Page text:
Lavapiés is a neighbourhood of extremes. It was recently crowned the coolest neighbourhood in the world by Time Out Magazine, but is also one of the most multicultural – and poor – in Spain.
Calle Argumosa, the artery of Lavapiés, is also known as La Playa de Lavapiés for all its rows of packed terraces. It now sits eerily quiet, like a backstreet in a sleepy Mediterranean town during siesta, with residents forced to keep their problems behind closed doors – those very same problems that have just been amplified by State of Alarm.
On Tuesday, two residents living on Calle Argumosa welcomed me into their safe house, which they haven’t left in six weeks.
THE JOURNEY TO LAVAPIÉS
Just under a year ago, Mohammed Nahid embarked on a journey of a lifetime. He left Bangladesh and flew to Dubai, where he then travelled to Senegal, through Mauritania, Mali, Algeria and Morocco, and then crossed the Mediterranean by boat to Motríl. It wasn’t until the last leg of his journey over water that he had the most memorable experience of his life.
On September 25 last year, I treaded water for 16 hours. I’ve never been so cold in my life. I thought I was going to die.
Mohammed was picked up by a Spanish rescue vessel and eventually made his way to Calle Argumosa in Lavapiés, where he currently lives with five other young Bangladeshi men, one of whom he shares a bunkbed with.
Mohammed Nahid’s roommate is called Mohammed Salauddiin, who made his way here by land. From Bangladesh, he crossed the border into India, then Pakistan, Iraq, Turkey, Greece, Hungary, Macedonia and Italy, then took the train to Madrid, disembarking at Atocha station where he made his way to Lavapiés.
Since moving into their safe house, they had been leaving every night to sell cans of beer to nightlife revellers.
We would go out in the evening and wouldn’t get home until 5 o’clock in the morning, every night.
The two Mohammeds are currently lateros (tin men) and make a living by illegally selling cans of beer to nightlife revellers on the street. If you live in Lavapiés, it’s likely that if you’ve ever bought a can of beer from a latero, it may have been from one of them. It’s their only way to make enough money to pay their rent of €250 each per month. That’s right: six men residing in a 40-square-meter interior flat pay a total of €1,250 per month.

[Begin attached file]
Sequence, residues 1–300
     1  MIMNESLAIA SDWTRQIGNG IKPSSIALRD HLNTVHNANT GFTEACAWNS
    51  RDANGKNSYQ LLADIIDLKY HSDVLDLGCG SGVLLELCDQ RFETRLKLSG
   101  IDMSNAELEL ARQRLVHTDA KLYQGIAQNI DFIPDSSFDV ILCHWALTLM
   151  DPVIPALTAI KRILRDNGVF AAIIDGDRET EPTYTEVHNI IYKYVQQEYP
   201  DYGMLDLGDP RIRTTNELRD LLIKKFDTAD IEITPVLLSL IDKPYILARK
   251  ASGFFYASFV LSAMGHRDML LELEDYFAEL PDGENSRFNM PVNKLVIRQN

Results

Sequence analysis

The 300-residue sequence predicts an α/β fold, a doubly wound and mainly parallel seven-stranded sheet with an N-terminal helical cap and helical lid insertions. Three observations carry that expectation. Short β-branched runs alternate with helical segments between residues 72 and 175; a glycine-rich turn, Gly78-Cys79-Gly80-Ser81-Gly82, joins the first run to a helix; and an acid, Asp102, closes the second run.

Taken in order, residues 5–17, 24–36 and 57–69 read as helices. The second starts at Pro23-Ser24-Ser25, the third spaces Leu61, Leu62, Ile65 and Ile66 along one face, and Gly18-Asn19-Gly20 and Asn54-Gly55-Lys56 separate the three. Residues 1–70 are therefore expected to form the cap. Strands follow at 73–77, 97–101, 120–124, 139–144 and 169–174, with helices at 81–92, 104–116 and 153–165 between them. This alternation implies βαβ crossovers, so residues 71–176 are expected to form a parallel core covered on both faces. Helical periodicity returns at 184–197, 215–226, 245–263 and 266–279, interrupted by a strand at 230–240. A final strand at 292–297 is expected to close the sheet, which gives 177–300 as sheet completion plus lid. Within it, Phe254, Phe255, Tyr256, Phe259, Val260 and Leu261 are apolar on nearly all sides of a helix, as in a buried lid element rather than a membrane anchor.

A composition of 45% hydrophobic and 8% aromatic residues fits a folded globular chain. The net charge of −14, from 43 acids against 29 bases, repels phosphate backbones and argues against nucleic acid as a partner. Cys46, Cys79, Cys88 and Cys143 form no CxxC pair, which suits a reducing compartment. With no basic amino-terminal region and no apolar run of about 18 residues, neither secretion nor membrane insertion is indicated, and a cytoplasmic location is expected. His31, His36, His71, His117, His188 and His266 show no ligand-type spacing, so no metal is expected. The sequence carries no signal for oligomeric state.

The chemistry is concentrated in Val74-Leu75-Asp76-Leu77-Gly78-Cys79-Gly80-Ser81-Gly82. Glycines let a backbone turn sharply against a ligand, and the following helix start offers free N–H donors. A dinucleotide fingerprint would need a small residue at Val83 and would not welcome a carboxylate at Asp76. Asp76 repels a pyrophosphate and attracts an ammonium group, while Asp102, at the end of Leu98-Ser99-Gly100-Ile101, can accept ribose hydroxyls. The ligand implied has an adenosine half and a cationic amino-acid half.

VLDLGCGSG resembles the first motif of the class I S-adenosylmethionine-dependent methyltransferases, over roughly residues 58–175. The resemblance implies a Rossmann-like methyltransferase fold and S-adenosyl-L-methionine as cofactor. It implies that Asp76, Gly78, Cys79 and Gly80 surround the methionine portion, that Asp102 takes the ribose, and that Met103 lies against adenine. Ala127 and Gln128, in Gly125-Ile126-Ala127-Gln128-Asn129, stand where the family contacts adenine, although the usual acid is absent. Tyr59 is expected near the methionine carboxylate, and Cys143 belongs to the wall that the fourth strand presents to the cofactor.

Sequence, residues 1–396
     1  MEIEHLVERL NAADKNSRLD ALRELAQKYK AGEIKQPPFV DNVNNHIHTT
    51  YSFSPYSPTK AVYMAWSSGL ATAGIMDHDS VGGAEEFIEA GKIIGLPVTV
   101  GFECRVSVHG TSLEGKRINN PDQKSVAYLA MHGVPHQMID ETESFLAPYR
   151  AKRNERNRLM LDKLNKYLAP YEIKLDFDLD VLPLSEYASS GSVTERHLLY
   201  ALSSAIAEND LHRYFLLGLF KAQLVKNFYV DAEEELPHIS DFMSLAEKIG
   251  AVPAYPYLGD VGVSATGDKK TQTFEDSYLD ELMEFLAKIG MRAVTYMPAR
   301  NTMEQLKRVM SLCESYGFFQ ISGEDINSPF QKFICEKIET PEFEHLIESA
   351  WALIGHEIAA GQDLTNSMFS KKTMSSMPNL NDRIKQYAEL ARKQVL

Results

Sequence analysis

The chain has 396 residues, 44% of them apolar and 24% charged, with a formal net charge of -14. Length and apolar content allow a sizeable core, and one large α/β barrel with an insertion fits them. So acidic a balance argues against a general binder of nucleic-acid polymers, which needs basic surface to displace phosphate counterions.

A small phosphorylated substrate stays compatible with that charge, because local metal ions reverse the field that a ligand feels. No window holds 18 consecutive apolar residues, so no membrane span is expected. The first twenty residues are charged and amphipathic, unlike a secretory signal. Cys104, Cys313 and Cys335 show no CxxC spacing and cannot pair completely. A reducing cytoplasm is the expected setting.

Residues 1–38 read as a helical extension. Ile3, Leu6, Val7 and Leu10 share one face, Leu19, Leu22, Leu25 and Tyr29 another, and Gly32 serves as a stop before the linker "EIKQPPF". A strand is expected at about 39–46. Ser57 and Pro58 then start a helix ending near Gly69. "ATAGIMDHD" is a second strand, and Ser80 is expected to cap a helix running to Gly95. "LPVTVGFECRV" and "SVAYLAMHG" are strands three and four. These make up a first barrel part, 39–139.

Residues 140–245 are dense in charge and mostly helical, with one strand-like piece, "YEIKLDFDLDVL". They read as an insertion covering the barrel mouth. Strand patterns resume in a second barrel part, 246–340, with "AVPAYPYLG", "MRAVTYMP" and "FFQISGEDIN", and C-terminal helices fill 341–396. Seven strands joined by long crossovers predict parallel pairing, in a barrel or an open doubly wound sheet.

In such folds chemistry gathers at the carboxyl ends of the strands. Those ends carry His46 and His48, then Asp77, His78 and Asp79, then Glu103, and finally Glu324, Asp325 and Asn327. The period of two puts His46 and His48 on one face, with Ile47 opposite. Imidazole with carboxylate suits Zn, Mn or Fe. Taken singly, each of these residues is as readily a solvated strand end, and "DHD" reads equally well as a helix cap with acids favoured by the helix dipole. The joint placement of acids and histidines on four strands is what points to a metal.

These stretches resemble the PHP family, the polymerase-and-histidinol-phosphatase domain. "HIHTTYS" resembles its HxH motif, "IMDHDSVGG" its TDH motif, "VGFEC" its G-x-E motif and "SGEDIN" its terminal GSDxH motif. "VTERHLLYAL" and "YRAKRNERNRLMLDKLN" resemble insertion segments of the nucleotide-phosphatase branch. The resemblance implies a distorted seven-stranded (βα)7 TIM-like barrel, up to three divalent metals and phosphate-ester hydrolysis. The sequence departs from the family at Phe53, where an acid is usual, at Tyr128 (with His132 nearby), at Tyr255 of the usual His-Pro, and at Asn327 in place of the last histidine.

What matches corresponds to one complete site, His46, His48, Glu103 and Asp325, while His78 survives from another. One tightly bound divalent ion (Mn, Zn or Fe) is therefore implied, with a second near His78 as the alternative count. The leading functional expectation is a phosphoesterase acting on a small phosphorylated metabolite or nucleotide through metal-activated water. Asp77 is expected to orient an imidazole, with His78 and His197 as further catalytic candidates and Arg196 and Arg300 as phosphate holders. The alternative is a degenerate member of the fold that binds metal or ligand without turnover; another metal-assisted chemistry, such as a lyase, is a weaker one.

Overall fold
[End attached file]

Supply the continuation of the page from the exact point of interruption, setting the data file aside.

Bangladesh is not a country at war, but it feels like it is.
Because Nahid and Salauddin are not from a war-torn country, they’re not technically refugees and are therefore not entitled to legal status. For now, they lie low in an underground waiting room, clutching a ticket with changing numbers, alongside other migrants patiently awaiting the life so many of us were born with.
And those ticket numbers just got even longer…
STATE OF ALARM
We haven’t been outside since lockdown began. Our flatmates, who work in a green grocer’s in Lavapiés, bring us some food.
The Bangladeshi friends live on the third floor of a classic, old Lavapiés building. The pretty facade is lined with cast-iron balconies and plants spilling through the railings. Inside, the walls are crumbling, and the wooden staircase creaks as I ascend. I follow my Bangladeshi interpreter Rabbi Alam, a migrant himself, past apartments with pairs of shoes lined up outside front doors, from which an aroma of freshly heated spices escapes.
Face masks on, I’m offered the only chair in the room and I begin asking about how and why they came to Madrid.
I came here for a better life.
… said Nahid, saying the words “better life” in English – everything else in Bengali. Perched on the edge of a cabinet, he explained that he left Bangladesh after his cattle caught a plague and were wiped out. Unable to pay his debts, he had no choice but to flee.
Salauddin misses his wife and two children, aged 12 and nine, but has no plans to return to Bangladesh. Instead, he hopes to get legal status and be able to bring them to Madrid.
But confinement has not only hindered any progress they could make towards that better life, it has also increased the urgency for legalisation. Living in damp, cramped conditions, fearful of going outside for being arrested, and rationing out food even during Iftar every evening, Mohammed and Mohammed are at greater risk of succumbing to Covid-19. “We’re fine,” they both say bravely,
We just want papers or help. Papers or help.”
If they had residency documents, they could access unemployment aid, health care and food, which is why they’re pinning all their hopes on a new movement born out of the coronavirus pandemic, called #RegularizaciónYa and #papersforall.
Lateros attending the protest on Plaza Nelson Mandela, marking the one-year anniversary of Mame Mbaye’s death.
Self-organised anti-racist and migrant collectives are coming together to raise their own voices and the voices of those who were silenced at sea. There are almost 600,000 migrants in Spain who find themselves in limbo in precarious work, including farmers, care workers, manteros and lateros.
The RegularizaciónYa movement aims to push the government to offer rights and freedoms of migrants by simply legalising all undocumented migrants now. And if you’d like to help, simply download this image and share it on social media, using the hashtags #RegularizaciónYa and #papersforall.
In a time when protesting on the street is no longer possible, protesting from our homes, with the tips of our fingers touching the power of social media, has become key.